Electronic-Health-Records

Growing Pains of Electronic Health Records and the Impact on Healthcare Offices


A millennial healthcare experience

A 25-year-old man goes in to see his doctor. He has a series of questions about symptoms he has and a few ideas of what could be wrong based on online research.

The doctor examines him, and she quickly rules out a couple of the man’s suggestions but finds one is a real possibility. She decides to order some blood work to confirm, submitting the order on her tablet. Then, she adds a few notes to the patient’s electronic chart.

The next day, the patient receives a text message notifying him that his test results are now available in his patient portal. He quickly logs in and reviews the info. It includes a message from his doctor, outlining a brief plan of action and direct contact number for any questions.

Sound familiar to you?

This is the landscape that every healthcare office either has entered or will enter in the near future.

How is this a different patient experience?

Not only is technology now being utilized to diagnose and treat patients, but it’s also being used to effectively communicate with patients and to store information. This transition is unsurprising because patients are increasingly expecting to access any and all of their information and there is now an emphasis placed on clear communication as a top priority for patients.

The Pros

Let’s start with the pros.

  • Patient data in one, easily accessible place
  • Allows patients to be informed and actively engaged in their treatment plan
  • Patient data better integrated into daily care, from genetic data to behavioral information, to clinical records
  • Better chronic disease management
  • Ability to collect, analyze and store data
  • More time dedicated to providing care and less time documenting it

The Cons

The overall perception of Electronic Healthcare Records (EHR) by physicians isn’t entirely positive. Part of this is because healthcare professionals aren’t the true targets of EHRs. The design of EHR’s has been customized primarily for the patient’s experience. This has created frustration among physicians because they’ve been pushed to adapt to a process that wasn’t built for them.

As published in a report by the Agency for Healthcare and Quality, the main problems that are occurring include:

  • High capital cost and insufficient return on investment for small practices and safety net providers.
  • Underestimation of the organizational capabilities and change management required.
  • Failure to redesign clinical process and workflow to incorporate the technology systems.
  • Concern that systems will become obsolete.
  • Lack of skilled resources for implementation and support.
  • Concern that current market systems are potentially not meeting the needs of rural health centers or federally qualified health centers (FQHC).
  • Concern regarding the negative unintended consequences of technology.

Why not just use paper?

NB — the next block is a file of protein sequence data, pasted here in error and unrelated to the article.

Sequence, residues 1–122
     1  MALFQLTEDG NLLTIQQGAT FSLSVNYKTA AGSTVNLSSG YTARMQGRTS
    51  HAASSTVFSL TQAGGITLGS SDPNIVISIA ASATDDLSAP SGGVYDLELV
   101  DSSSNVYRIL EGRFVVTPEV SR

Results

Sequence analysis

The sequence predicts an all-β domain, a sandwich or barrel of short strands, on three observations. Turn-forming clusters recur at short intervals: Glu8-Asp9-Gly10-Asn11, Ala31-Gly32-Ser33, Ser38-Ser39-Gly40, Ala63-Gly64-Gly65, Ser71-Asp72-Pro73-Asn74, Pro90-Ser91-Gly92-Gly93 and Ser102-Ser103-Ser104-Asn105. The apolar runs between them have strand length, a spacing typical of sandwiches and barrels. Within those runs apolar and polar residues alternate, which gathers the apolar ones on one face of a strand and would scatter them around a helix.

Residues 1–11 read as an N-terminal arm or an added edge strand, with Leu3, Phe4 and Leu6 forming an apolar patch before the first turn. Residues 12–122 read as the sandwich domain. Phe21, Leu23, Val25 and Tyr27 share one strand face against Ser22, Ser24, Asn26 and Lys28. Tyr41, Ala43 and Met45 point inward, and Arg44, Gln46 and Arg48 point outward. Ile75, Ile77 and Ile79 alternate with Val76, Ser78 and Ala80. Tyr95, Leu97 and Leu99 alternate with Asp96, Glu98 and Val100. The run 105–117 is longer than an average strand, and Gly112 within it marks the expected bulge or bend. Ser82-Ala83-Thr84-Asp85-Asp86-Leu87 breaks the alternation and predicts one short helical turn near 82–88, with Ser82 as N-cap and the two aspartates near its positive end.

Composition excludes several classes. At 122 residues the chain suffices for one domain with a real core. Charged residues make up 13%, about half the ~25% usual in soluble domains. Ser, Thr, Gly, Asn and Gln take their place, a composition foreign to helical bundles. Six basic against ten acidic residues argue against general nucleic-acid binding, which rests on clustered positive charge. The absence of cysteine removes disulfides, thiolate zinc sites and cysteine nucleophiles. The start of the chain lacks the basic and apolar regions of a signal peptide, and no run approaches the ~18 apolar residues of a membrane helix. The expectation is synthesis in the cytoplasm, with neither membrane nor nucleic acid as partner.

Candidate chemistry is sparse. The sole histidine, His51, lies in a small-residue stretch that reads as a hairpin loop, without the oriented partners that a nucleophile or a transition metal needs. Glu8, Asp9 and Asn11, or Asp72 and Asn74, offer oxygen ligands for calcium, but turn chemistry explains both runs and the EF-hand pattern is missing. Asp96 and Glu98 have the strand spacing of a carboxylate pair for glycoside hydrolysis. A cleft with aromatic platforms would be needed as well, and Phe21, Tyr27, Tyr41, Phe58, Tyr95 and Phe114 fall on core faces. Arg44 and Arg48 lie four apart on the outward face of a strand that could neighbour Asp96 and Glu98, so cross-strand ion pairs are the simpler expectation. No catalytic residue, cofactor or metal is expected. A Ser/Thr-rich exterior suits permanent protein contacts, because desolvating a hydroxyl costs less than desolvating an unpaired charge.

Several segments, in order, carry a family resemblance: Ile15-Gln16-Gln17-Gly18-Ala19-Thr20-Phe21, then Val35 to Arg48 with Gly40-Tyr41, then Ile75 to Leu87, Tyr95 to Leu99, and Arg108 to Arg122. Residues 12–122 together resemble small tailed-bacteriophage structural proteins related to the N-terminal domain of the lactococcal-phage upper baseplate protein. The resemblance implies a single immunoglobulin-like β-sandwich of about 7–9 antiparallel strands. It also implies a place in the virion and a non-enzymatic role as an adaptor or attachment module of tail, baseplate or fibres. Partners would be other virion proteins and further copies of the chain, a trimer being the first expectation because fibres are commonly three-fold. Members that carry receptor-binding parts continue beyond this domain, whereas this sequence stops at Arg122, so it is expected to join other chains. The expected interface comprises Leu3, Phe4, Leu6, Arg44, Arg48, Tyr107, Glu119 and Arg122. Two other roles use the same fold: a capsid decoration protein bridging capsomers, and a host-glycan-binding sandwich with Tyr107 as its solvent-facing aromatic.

You may think that if EHRs (Electronic Health Records) are this problematic, then they probably shouldn’t be used. However, according to a study published by the National Center for Biotechnology Information, the pros outweigh the cons. They report a 51% chance that an EMR can improve office practices, while there is only a 19% chance of negative impact.

While there are adjustments that need to be made in how EHRs function, the use of electronic records isn’t going anywhere. Plus, they’ve opened the door for many informational technology systems to be put in place.

So, if you haven’t started shifting your practice and office space to accommodate information technology, you need to start now!

How are EHRs changing healthcare office staff priorities?

The impact of EHRs on office workflow starts simply by rethinking the job descriptions of each employee in an office. The goal should be to create the smoothest flow of information possible. In order to pursue these ends, staff should be cross-trained and led to work as a team, going above and beyond traditional expectations.

Offices that fail to adjust the patient and information flow are those that’ll encounter problems in this changing landscape.

What’re the needs of healthcare office spaces moving forward?

As information technology is implemented, not only is the need for back room, file storage eliminated, but the need for oversized waiting rooms can also be reduced. Waiting rooms may now include a kiosk for patients to enter their information; this addition will give real-time data before the patient has even entered the exam room.

Additionally, the need for separate physician offices is also diminishing. Physicians no longer need to consult in a separate office because a lot of their work is done during the exams.  Partners may also transition to shared office spaces, which could reduce the overall size of the office.

The goal is to reduce the bloat of the traditional medical office and to streamline the design, services, and overall patient flow and experience.